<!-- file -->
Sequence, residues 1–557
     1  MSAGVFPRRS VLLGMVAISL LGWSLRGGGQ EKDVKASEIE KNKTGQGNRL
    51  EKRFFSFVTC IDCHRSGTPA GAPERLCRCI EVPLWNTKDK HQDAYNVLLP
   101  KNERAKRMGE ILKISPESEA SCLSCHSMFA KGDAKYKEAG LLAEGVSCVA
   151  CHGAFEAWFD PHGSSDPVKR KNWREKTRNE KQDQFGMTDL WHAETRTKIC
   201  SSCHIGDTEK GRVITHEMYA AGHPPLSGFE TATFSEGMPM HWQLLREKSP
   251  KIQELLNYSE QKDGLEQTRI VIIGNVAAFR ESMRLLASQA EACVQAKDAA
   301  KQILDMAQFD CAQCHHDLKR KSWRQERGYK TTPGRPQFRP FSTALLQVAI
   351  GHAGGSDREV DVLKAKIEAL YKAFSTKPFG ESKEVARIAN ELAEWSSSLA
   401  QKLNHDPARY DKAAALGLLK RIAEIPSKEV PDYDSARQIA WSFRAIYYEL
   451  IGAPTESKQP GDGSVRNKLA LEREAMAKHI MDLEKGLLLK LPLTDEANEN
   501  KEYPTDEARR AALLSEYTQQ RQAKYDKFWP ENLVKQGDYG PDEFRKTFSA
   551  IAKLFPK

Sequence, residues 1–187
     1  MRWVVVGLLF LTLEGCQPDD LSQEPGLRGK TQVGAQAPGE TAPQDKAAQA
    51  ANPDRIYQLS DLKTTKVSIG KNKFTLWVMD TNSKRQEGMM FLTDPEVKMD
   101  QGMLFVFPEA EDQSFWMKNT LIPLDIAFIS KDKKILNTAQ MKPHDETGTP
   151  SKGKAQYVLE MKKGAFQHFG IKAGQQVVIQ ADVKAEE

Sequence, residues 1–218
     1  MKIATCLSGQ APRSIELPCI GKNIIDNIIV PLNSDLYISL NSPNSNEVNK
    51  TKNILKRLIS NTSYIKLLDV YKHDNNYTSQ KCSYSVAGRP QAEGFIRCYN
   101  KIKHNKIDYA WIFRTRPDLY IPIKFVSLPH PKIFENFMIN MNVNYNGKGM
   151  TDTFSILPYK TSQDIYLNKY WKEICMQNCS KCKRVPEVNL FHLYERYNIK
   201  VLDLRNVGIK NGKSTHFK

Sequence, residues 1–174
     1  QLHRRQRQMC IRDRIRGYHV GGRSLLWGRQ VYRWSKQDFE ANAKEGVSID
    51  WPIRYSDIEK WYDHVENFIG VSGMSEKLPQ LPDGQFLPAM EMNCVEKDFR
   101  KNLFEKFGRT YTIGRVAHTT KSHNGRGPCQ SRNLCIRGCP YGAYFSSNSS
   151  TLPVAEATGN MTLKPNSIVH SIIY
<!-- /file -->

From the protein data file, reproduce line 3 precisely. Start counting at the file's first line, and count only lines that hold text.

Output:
    51  EKRFFSFVTC IDCHRSGTPA GAPERLCRCI EVPLWNTKDK HQDAYNVLLP